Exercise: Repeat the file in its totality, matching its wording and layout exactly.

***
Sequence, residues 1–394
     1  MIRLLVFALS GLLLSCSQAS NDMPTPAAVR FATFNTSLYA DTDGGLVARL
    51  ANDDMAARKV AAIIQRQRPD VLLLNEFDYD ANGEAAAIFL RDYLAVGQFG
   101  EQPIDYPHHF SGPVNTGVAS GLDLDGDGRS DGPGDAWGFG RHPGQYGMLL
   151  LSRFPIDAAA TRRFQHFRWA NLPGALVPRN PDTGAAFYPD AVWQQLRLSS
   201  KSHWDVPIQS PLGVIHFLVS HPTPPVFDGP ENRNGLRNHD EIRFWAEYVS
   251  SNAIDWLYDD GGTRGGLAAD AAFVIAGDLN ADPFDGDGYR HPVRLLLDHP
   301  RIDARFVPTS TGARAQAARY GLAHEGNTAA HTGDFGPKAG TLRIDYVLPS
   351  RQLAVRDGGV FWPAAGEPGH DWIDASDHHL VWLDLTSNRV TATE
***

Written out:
Sequence, residues 1–394
     1  MIRLLVFALS GLLLSCSQAS NDMPTPAAVR FATFNTSLYA DTDGGLVARL
    51  ANDDMAARKV AAIIQRQRPD VLLLNEFDYD ANGEAAAIFL RDYLAVGQFG
   101  EQPIDYPHHF SGPVNTGVAS GLDLDGDGRS DGPGDAWGFG RHPGQYGMLL
   151  LSRFPIDAAA TRRFQHFRWA NLPGALVPRN PDTGAAFYPD AVWQQLRLSS
   201  KSHWDVPIQS PLGVIHFLVS HPTPPVFDGP ENRNGLRNHD EIRFWAEYVS
   251  SNAIDWLYDD GGTRGGLAAD AAFVIAGDLN ADPFDGDGYR HPVRLLLDHP
   301  RIDARFVPTS TGARAQAARY GLAHEGNTAA HTGDFGPKAG TLRIDYVLPS
   351  RQLAVRDGGV FWPAAGEPGH DWIDASDHHL VWLDLTSNRV TATE